OS X El Capitan puts the pedal to the Metal

At its WWDC keynote today, Apple introduced the next version of OS X, bringing another slice of California to Mac users everywhere. It's called El Capitan, and though it doesn't bring any earth-shattering changes to the user interface, there is one major new feature that Mac gamers and professional users may appreciate: the Metal low-overhead graphics API from iOS is now available on Macs.

With Metal, apps and games on the Mac could enjoy the same kinds of performance improvements we're expecting from software optimized for DirectX 12 and Vulkan on the PC. Developers from Epic took the stage to demonstrate Metal with a live demo of the Unreal Engine running one of the studio's latest games, Fortnite. Epic claimed a 70% reduction in CPU overhead with Metal versus traditional OpenGL rendering on the Mac.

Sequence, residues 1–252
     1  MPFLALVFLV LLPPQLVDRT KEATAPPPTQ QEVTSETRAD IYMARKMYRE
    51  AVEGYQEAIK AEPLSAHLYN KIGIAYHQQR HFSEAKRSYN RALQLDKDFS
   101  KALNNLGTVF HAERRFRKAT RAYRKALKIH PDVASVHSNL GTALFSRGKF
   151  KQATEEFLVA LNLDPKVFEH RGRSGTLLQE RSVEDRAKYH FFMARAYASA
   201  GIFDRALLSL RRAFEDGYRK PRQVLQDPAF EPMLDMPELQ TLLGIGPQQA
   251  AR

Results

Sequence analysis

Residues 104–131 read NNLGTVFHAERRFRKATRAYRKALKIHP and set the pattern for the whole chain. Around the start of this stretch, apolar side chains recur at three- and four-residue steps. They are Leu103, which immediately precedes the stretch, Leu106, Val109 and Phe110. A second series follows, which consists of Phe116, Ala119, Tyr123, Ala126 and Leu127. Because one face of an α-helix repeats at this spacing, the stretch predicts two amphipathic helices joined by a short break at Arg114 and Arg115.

OS X's Mission Control window management system is more powerful in El Capitan. Full-screen apps can now share the screen with a split view similar to that in Windows 8, and new full-screen or split view Spaces can now be created right from the Mission Control view.

Other minor improvements abound. Apple has improved the Spotlight search function, which can now accept natural-language queries system-wide. Tabs in Safari can be pinned to the tab bar, and they'll persist and refresh automatically every time the browser is opened. Safari will also identify tabs playing audio and let users mute them with a couple of clicks. One final improvement is a cursor-finding gesture that will helpfully enlarge the system's mouse pointer if you wiggle it upon waking up the system.

OS X El Capitan will be available to developers today, with a public beta set to begin in July and a general release to follow in the fall. Like other recent OS X releases, it'll be a free upgrade.

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